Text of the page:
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eConsult Clinical Question

My patient received the Pfizer COVID-19 vaccine. Three weeks later, she presented to emergency department (ED) for evaluation of squeezing chest pain and shortness of breath that developed, and then awoke her from sleep two days prior. Pain was worse with deep breathes, lying flat, and leaning forward and improved with rest and ibuprofen. 

She had a negative d-dimer in the ED and her echocardiogram was unremarkable. The ED diagnosed her with pericarditis and told her to follow-up with PCP about when and whether to receive second shot. Would you recommend second shot and if so, would you consider having her monitored for extra time?

eConsult Response

  1. Recommendations: Hold off on second dose until the symptoms of pericarditis have resolved. Would not recommend pretreating with nonsteroidal anti-inflammatory drugs (NSAIDs), but rather treat as needed. Would like to see if the symptoms are reproducible because the COVID vaccine are probably going to be a routine part of health care going forward. Wait 30-minute post injection of second dose. Have NSAIDs available as needed. There are case reports of myocarditis/pericarditis post COVID vaccine administration, but this is not a contraindication for the COVID vaccine. The bigger question is whether the vaccine and acute event of pericarditis are related. While there is limited data on incidence of pericarditis, it has been reported in up to 5% of patients admitted to the ED with nonischemic chest pain. If symptoms are reproducible with the second dose of the vaccine, then we can establish such as association for this patient. If that is the case, we would recommend a different COVID vaccine in the future.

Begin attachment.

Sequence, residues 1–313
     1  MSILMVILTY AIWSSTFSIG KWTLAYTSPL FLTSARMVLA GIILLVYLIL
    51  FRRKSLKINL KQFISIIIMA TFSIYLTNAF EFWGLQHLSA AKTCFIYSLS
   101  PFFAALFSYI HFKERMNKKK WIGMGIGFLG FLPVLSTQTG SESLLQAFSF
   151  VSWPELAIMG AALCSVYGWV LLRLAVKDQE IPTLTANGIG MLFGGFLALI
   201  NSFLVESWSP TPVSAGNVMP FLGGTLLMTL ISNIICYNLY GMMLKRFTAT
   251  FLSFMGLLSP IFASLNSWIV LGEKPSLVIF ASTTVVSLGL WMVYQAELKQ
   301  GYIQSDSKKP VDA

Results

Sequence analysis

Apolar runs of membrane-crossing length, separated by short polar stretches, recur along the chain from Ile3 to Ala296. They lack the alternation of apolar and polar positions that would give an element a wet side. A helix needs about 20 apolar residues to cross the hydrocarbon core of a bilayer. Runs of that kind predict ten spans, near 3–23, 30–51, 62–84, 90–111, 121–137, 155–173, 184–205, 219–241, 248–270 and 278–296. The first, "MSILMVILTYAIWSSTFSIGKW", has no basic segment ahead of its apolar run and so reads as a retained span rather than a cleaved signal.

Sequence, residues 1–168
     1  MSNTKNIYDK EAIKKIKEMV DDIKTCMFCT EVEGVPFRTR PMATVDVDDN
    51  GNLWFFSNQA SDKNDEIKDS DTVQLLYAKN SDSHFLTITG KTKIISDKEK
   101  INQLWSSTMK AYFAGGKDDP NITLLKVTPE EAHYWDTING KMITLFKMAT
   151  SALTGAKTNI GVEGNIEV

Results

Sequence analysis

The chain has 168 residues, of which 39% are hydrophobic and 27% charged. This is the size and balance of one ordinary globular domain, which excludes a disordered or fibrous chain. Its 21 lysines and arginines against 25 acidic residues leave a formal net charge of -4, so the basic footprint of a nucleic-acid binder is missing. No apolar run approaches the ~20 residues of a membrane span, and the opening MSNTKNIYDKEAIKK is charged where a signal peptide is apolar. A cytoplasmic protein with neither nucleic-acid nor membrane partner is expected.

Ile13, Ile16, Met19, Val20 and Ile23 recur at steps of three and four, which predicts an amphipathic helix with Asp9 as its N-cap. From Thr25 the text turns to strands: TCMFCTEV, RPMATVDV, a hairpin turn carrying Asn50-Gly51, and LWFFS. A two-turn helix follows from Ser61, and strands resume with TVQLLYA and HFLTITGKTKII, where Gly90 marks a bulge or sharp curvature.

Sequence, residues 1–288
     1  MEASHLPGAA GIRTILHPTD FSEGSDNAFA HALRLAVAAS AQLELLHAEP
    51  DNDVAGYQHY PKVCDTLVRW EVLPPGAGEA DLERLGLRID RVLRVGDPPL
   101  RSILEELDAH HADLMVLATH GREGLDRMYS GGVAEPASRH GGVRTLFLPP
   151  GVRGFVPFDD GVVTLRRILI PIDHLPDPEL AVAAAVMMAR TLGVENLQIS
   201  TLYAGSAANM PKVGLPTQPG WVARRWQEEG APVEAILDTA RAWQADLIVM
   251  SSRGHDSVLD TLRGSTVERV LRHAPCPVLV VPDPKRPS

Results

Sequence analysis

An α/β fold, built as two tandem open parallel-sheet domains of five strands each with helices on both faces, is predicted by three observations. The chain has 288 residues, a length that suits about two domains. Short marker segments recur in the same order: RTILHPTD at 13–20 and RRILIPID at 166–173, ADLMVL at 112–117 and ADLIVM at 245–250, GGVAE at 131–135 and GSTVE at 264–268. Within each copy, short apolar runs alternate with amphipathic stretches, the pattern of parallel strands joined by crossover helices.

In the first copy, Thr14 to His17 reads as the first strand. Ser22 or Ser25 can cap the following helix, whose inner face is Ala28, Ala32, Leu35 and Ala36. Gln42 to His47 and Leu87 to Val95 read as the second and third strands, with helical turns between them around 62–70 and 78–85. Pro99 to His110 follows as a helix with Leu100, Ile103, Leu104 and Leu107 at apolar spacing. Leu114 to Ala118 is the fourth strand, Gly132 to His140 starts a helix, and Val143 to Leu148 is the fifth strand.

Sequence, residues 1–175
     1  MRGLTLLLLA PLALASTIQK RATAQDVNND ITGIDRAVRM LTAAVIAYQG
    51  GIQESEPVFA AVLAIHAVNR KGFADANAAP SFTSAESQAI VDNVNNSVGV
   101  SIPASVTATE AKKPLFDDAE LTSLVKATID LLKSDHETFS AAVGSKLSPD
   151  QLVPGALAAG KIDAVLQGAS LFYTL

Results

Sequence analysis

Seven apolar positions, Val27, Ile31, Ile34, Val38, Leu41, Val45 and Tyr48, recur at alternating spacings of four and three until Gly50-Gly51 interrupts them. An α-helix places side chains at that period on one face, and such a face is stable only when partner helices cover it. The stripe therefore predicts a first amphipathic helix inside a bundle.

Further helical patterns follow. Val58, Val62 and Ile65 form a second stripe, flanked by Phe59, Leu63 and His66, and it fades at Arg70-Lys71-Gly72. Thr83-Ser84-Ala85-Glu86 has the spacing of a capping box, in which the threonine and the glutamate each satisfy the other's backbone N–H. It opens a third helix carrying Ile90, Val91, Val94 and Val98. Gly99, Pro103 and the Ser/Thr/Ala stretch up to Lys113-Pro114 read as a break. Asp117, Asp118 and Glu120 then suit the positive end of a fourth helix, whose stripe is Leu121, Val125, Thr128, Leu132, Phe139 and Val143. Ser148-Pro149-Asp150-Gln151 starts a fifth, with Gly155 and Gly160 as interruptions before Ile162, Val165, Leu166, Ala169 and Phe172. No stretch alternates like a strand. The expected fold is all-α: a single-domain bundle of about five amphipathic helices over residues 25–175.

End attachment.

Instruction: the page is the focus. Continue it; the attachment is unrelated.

2. Contingency plan: Receive a different brand of COVID vaccine for second dose.

These real-life examples have some limitations. Given the evolving recommendations and guidance on COVID-19 care, these cases should not be considered complete or definitive and may not reflect the most up-to-date guidance.